Edward Weston in Mexico, plus modern Mexican prints
GALVÁN SHOOTING No gun, just the Mexican general in profile squinting in the sunlight.
In August 1923, photographer Edward Weston left his wife and three of his four sons in Los Angeles and headed to Mexico City. He took his eldest son and went "to start life anew" with his lover, the Italian-born actress Tina Modotti. Many argue that there he developed the crisp, clear, detailed, lyrical style that made him one of the pioneering masters of Modernist photography.
|“Viva Mexico! Edward Weston and His Contemporaries” and “Vida y Drama: Modern Mexican Prints” | Museum of Fine Arts, 465 Huntington Ave, Boston | May 30 November 2|
Weston's Mexico sojourn is the subject of the Museum of Fine Arts' exhibit "Viva Mexico! Edward Weston and His Contemporaries." The title prompts the hope that curator Karen Haas might dig into the juicy territory of Weston's Mexico circle and how these artists influenced one another, but this ain't that show. The handful of photos by his peers — Modotti, Paul Strand, Manuel Álvarez Bravo — provide only a smidgen of context, and they tend not to show these photographers at their best.
"Viva Mexico!" amounts to a small (43 black-and-white photos in one gallery), quick, delightful showcase of works from the renowned Modernist trove of the Lane Collection, which, on long-term loan to the MFA, includes some 2000 Weston photos acquired from his sons. But any reason for a Weston show is a good reason — and Haas rounds up some of his most iconic shots.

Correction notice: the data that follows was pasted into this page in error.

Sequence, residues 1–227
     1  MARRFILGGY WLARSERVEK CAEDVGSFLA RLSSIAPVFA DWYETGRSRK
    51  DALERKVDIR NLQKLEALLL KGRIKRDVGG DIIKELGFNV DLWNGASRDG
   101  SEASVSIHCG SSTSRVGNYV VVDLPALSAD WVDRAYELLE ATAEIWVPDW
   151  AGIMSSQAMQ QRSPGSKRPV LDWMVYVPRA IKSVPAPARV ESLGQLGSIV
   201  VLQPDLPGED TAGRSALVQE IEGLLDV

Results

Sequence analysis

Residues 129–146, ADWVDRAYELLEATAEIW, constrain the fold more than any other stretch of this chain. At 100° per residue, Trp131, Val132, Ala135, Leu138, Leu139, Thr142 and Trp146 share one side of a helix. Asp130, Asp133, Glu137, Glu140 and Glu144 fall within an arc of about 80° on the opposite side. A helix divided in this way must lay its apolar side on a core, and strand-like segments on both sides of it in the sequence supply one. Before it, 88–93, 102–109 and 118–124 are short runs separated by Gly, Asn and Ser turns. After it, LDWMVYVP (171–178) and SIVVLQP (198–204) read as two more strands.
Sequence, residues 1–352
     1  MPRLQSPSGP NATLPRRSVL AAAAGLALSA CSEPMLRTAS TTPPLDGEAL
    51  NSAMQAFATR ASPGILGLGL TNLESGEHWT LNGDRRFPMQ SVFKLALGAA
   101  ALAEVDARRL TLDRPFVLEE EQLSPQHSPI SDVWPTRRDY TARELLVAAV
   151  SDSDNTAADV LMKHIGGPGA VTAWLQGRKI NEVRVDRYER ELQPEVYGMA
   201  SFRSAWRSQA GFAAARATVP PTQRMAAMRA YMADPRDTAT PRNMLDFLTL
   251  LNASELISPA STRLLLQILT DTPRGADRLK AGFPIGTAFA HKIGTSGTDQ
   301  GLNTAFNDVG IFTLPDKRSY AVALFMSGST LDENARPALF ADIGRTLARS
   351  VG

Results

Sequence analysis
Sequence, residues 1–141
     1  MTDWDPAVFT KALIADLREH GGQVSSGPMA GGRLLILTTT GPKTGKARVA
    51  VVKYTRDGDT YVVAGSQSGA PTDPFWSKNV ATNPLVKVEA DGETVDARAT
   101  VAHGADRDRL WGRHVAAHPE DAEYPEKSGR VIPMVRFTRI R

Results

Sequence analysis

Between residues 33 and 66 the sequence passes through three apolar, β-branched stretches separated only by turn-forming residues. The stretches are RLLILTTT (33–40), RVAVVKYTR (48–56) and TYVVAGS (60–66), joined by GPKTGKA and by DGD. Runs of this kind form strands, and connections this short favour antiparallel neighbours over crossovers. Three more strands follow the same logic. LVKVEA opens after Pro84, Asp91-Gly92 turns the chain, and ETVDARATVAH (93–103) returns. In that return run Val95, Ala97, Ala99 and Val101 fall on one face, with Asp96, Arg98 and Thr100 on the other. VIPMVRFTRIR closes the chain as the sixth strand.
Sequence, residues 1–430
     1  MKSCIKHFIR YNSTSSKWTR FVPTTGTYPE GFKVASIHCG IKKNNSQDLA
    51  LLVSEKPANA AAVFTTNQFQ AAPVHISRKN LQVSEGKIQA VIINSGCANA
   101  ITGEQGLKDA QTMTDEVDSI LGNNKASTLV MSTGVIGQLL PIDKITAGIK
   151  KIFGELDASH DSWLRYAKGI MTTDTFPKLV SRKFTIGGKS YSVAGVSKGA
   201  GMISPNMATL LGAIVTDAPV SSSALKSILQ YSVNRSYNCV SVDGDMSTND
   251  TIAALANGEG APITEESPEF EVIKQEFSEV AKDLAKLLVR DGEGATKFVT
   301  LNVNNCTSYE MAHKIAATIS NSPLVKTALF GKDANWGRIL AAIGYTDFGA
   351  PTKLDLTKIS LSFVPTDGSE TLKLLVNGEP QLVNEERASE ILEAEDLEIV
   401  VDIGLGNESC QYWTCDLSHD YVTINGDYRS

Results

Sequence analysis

Weston was just beginning to break from the soft-focus, romantic Pictorialist mode championed by New York photographers Alfred Stieglitz and Edward Steichen. The transition is apparent in the shots of monumental chimneys at an Ohio steel plant that he made while on the way to New York to meet Stieglitz in 1922. There he met others in Stieglitz's orbit — like Strand and Charles Sheeler, who were already exploring similar industrial (read Modern) subjects and styles. Weston seems also to have been inspired by paintings he saw by Georgia O'Keeffe (Stieglitz's lover), works that got up close and personal with still life subjects, focusing on detailed (to the point of abstraction) parts rather than on the whole.
"Here I am in romantic Mexico, and willy-nilly, one is influenced by surroundings," he wrote in his daybooks. "Life here is intense and dramatic." He shot more than 750 images between August 1923 and December 1924, then returned to California for some eight months, then came back to Mexico for 16 more months. He had now adopted a crisp look fueled in part by the brilliant Mexican sun.
For Galván Shooting (1924), Weston joined Mexican senator and general Manuel Hernández Galván when he went to woods north of Mexico City to practice shooting. "We stopped by an old wall, the trigger of his Colt fell, and I released my shutter," Weston wrote. The resulting photo shows no gun, just Galván's head in profile squinting in the sunlight, clenching his teeth. A strand of his hair seems to ripple in the wind. He's all dashing machismo.
: Museum And Gallery
, Mexico, Photography, Galvan Shooting, More